GM hires law firms it works with to probe recall response

Tue Mar 11, 2014 6:44am EDT
 
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By Ben Klayman, Paul Lienert and Nick Brown

DETROIT (Reuters) - General Motors hired two law firms with ties to the automaker to look into its recall of cars blamed for 13 deaths, and a Congressional committee said it would also investigate the company's response to a defect that first came to light a decade ago.

The internal probe will be led by Jenner & Block Chairman Anton "Tony" Valukas, who investigated Lehman Brothers after the financial services firm collapsed in 2008, and alleged then that Lehman used accounting gimmicks and had been insolvent for weeks before it filed for bankruptcy.

GM has worked with Jenner & Block since 2002, and at least two of the automaker's former top attorneys, Robert Osborne and Elmer Johnson, were partners at the Chicago law firm.

GM said lawyers from King & Spalding, which represented GM during some of its bankruptcy proceedings and other litigation work since, will also work on the recall review ordered up by GM CEO Mary Barra. Co-leading the recall investigation with Valukas is GM's current general counsel, Michael Millikin.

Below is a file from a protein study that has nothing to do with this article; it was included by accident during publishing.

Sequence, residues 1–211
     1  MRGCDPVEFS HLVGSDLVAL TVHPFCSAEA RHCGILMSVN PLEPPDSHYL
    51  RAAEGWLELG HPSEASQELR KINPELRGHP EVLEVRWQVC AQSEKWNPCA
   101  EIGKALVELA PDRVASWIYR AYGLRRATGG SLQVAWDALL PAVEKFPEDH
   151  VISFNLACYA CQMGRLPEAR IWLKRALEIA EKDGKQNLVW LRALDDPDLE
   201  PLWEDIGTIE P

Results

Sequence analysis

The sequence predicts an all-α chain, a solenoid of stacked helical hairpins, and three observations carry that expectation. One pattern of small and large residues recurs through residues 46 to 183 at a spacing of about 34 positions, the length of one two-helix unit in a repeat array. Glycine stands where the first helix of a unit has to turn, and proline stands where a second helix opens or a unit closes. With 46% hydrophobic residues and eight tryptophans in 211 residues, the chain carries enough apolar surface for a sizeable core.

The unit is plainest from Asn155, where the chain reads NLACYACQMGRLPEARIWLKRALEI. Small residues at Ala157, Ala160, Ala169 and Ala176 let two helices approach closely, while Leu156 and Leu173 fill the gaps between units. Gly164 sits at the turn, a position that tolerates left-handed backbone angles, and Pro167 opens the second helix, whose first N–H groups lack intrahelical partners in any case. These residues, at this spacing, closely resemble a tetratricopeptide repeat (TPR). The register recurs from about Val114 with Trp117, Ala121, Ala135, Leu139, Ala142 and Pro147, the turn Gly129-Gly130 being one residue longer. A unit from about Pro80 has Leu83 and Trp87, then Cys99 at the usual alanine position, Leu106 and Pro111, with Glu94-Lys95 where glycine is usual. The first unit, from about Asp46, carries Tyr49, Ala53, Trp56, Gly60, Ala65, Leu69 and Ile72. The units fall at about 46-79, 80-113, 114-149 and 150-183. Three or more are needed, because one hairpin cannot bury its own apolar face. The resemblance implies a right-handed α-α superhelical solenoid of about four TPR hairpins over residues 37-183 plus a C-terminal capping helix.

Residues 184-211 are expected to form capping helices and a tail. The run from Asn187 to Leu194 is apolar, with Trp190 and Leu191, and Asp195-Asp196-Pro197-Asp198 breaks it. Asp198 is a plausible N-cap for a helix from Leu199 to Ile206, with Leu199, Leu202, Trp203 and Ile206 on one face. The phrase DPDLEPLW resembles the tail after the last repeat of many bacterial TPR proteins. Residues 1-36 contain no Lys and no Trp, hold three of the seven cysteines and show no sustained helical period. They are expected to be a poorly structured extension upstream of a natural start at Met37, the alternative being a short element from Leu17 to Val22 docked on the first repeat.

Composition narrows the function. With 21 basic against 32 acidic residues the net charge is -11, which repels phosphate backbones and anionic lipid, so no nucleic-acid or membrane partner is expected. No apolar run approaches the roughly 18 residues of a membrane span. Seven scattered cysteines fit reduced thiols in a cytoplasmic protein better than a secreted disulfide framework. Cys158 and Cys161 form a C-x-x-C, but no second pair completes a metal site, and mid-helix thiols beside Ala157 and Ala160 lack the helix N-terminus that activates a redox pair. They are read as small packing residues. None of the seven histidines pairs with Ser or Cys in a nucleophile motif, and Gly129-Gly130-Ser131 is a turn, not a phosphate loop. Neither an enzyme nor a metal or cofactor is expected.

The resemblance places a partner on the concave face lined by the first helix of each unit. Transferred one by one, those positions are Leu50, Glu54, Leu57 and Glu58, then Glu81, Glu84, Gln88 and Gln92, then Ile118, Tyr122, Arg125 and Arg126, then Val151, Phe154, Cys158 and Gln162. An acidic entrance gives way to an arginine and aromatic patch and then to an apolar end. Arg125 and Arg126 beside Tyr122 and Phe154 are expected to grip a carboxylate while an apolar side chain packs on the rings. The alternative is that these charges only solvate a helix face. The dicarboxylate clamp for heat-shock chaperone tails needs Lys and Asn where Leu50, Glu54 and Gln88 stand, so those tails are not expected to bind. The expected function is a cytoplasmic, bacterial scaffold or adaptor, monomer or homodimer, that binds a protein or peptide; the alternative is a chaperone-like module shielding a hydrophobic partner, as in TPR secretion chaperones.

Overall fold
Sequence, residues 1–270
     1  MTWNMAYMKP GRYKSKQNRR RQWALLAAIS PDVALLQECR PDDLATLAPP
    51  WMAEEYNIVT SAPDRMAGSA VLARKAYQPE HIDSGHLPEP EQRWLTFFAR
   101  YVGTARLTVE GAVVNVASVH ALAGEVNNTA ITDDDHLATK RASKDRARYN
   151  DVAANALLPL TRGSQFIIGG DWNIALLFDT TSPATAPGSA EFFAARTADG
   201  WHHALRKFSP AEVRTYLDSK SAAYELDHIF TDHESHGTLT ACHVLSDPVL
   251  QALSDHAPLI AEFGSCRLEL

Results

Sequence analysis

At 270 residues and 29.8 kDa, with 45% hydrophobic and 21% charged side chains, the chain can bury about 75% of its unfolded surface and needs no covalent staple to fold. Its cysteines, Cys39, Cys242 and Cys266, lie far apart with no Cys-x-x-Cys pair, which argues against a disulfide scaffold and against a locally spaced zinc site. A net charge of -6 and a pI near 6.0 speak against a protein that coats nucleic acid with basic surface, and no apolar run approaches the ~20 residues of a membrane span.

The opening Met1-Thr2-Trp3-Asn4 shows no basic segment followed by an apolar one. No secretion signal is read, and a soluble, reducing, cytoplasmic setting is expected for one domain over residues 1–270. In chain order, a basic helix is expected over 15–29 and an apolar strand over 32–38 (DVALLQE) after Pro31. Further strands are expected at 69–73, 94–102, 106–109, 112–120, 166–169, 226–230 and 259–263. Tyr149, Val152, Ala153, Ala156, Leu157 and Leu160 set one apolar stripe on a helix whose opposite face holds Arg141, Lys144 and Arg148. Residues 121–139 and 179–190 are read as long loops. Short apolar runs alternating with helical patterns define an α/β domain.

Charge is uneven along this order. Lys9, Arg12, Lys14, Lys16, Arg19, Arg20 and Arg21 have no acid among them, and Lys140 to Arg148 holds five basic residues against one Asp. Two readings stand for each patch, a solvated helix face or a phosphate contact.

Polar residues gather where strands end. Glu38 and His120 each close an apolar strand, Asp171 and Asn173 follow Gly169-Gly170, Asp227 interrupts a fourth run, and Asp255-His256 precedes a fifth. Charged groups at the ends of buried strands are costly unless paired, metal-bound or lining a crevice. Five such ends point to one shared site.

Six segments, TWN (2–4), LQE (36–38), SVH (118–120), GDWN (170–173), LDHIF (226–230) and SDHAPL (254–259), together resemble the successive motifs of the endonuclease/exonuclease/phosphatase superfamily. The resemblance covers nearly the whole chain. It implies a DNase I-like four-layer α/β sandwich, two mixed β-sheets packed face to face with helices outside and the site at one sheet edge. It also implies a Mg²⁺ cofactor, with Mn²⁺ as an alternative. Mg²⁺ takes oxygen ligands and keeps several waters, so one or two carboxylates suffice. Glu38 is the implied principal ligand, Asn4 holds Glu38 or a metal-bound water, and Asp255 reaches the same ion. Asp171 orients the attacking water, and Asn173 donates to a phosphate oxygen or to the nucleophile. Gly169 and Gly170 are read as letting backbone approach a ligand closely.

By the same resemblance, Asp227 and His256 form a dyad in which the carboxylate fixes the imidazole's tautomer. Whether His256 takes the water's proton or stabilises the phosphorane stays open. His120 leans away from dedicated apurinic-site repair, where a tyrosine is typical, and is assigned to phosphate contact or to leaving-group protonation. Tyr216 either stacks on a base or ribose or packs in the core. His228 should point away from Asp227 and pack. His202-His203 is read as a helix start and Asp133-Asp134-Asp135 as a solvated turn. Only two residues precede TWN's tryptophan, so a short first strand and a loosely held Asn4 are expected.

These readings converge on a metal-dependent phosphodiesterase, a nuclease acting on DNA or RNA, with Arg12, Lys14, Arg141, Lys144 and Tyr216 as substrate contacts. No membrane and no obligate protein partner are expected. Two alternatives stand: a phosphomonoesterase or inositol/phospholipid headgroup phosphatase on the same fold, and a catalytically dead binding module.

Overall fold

"CONFLICT OF INTEREST"

Some legal experts said there could be a conflict of interest for law firms with working ties to GM to be involved in the investigation.

"To me, there's a conflict of interest," said Monroe Freedman, a legal ethics expert and law professor at Hofstra University School of Law. "A reasonable person might question whether the firm wants to curry favor with GM, so it can maintain a good relationship or obtain future work."

GM spokesman Selim Bingol said there is no conflict of interest, and Valukas "has been charged to go where the facts take him and give the company an unvarnished report on what happened. He is the ideal person to do that, given his understanding of our business and his reputation for adhering to the highest standards."   Continued...

 
General Motors Co's new chief executive Mary Barra addresses the media during a roundtable meeting with journalists in Detroit, Michigan in this photo taken January 23, 2014. REUTERS/Carlos Osorio/Pool